But, if writing each sentence to perfection takes an average of three times longer – now, that’s three minutes per sentence. If we allow the same time allocation for research and ideation but cut editing time in half, that’s five and a half hours to create the same 1000 word blog post. An hour and a half longer for the “perfectionist” writer, and that’s assuming you can ever get past the first sentence!

It’s easier said than done, but for productivity’s sake, don’t wait for perfection. Besides, who’s to say your idea of perfection will match that of the readers?!

 

Start.

WSI’s COO Valerie Brown-Dufour recently wrote, “One of the biggest obstacles to doing anything, whether it’s launching a business or packing a suitcase, is getting started.”

Writers everywhere, including myself, shudder when they read that sentence – only because of how true it rings.

Every writer knows the first sentence of a blog post is the hook that pulls in the reader. For writers stuck on perfection, the first sentence is a nightmare because it’s difficult to get right the first time.

My advice, which holds true to what I said about perfection, is just to start writing. The best way to start writing is to skip the first sentence – maybe even the first paragraph – and get the cold hard facts and ideas down on the page. Once you have the body of the post done, it’s surprising how much easier it is to write the introduction – and that all important first sentence.

 

Take fun breaks.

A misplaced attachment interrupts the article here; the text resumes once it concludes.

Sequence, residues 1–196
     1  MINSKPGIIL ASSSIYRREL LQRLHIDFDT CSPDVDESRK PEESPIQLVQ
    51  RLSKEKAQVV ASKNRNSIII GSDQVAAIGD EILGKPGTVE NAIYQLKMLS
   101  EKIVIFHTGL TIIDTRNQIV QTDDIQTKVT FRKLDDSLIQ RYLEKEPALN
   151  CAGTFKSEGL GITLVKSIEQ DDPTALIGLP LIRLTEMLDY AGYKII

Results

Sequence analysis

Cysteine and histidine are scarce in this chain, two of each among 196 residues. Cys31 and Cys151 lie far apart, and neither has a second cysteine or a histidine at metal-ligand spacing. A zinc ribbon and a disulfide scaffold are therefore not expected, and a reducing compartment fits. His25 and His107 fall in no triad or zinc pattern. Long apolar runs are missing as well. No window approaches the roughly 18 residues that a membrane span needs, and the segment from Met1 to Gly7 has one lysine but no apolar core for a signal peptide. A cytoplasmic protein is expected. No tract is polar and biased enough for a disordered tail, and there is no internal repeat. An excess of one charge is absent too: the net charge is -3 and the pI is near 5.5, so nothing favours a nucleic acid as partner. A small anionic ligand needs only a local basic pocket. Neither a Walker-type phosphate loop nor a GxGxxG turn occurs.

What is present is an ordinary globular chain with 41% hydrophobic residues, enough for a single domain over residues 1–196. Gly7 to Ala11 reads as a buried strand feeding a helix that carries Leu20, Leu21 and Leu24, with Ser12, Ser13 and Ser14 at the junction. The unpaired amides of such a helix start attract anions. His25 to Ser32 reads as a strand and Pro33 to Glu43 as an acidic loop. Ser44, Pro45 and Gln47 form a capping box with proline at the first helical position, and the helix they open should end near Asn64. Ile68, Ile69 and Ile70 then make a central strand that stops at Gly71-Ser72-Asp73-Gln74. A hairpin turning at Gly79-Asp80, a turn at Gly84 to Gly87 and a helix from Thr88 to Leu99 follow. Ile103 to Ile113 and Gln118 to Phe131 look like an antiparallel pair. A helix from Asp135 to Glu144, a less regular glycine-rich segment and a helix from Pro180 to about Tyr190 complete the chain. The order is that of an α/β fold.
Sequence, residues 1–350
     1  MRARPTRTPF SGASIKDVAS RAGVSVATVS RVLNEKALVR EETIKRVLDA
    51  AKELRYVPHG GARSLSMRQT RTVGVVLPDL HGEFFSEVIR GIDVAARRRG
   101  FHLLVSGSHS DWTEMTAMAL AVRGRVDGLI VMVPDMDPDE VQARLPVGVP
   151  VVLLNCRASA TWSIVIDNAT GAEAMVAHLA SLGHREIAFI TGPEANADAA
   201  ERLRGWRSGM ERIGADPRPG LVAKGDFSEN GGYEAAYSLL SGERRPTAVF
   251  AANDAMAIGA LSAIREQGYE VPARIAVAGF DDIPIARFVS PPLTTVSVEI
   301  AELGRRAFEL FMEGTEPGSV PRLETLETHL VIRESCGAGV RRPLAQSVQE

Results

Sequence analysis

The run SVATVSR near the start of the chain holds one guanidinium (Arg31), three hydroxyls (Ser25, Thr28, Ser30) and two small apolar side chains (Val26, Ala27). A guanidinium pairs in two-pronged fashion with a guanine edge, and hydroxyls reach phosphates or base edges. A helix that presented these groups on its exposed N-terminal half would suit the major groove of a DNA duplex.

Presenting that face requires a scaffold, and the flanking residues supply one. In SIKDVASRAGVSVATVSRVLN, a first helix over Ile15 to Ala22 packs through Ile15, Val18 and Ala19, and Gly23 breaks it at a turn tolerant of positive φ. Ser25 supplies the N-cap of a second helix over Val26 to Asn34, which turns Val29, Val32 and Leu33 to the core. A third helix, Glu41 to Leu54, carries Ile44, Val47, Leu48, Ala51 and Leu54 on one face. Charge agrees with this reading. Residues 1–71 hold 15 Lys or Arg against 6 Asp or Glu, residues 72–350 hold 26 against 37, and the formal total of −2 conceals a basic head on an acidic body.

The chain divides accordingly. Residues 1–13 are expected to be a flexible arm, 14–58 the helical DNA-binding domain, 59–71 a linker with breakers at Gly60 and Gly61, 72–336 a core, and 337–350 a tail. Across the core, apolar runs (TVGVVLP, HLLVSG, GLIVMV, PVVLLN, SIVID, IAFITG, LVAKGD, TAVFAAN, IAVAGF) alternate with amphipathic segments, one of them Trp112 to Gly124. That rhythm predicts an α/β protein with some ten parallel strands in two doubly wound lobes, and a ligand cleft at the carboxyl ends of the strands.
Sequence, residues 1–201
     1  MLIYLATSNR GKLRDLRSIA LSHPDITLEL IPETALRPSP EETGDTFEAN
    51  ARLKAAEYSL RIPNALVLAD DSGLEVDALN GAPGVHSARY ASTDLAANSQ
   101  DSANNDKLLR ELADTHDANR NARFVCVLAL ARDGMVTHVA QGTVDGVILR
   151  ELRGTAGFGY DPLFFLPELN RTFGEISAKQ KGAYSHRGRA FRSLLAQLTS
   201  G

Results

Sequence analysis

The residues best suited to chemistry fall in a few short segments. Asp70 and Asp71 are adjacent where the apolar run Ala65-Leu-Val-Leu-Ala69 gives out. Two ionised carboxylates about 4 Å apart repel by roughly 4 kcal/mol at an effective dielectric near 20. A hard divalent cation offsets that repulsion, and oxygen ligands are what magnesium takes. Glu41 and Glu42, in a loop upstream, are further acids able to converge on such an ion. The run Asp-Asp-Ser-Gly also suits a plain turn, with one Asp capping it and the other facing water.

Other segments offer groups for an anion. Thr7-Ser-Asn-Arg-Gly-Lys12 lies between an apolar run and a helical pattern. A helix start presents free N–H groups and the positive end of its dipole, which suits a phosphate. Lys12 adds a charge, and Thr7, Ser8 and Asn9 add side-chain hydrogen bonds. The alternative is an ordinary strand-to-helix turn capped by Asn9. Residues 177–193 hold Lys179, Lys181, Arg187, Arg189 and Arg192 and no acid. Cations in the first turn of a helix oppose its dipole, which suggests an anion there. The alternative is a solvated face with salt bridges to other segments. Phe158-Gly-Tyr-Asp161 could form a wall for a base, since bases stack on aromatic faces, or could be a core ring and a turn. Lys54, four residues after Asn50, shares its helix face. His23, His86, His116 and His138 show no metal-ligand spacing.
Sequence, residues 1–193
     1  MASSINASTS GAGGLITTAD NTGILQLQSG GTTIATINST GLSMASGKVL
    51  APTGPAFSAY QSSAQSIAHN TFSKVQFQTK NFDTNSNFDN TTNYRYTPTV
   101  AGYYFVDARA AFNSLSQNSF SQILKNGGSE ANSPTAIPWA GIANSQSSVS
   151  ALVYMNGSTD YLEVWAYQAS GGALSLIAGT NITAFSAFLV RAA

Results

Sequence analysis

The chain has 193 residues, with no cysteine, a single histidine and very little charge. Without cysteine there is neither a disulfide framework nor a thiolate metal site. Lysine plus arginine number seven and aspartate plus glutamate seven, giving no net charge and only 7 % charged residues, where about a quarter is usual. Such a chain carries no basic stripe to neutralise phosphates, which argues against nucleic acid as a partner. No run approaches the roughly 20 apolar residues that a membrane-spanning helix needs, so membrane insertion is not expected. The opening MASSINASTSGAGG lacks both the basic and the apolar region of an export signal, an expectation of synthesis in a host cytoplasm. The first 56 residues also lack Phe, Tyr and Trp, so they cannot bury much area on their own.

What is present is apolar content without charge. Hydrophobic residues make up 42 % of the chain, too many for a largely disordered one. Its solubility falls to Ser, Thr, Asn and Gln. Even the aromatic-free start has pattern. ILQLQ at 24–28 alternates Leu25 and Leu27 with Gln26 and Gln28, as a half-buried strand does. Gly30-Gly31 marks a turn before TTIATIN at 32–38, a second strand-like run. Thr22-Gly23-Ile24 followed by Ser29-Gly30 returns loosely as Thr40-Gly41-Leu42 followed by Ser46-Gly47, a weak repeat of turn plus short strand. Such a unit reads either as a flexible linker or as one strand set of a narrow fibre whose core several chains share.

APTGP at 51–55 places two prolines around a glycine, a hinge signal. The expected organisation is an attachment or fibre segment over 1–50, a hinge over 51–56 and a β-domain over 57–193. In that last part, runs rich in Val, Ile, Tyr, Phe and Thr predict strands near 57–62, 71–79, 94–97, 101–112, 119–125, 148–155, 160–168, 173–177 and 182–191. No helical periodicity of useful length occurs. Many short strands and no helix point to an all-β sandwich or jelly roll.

It’s important for writers to remember they need breaks too. For writers who work from home and are itching to do those chores or errands, leave those tasks for after hours. Take fun breaks instead.

Look, sometimes writing isn’t fun, even if you’re good at it. What’s the point in taking a break to do something else that takes a lot of effort, like a chore or an errand? That won’t feel like much of a break.

Writers: take a mindless break that allows you to relax. Walk or play with your pets if you work from home. Fire up a game on your phone or computer if you’re at the office or a coffee shop. If you have the freedom, call a friend for a quick chat. Or, engage in some “watercooler” discussions with your colleagues, like what happened on the last episode of Game of Thrones.

Breaks should give you an opportunity to recharge your batteries, not sap even more of your mental energy.

 

Conclusion

Writing is a tough gig, even more so in today’s content-hungry digital world. For writers, the key to increased productivity is putting aside expectations, deadlines, and perfection. These things only add to the difficulties of writing.

The most important thing for a writer to do is to structure their time behind the keyboard. Never sit down and stare at your screen again. Have a plan and stick to it.

For writers out there: have you tried any of these methods for boosting your productivity? What are some of your unique tactics for coaxing your words onto the page? We’re all about helping marketers up their productivity, and we’d love to hear your tips and tricks!

tips to help writers boost their productivity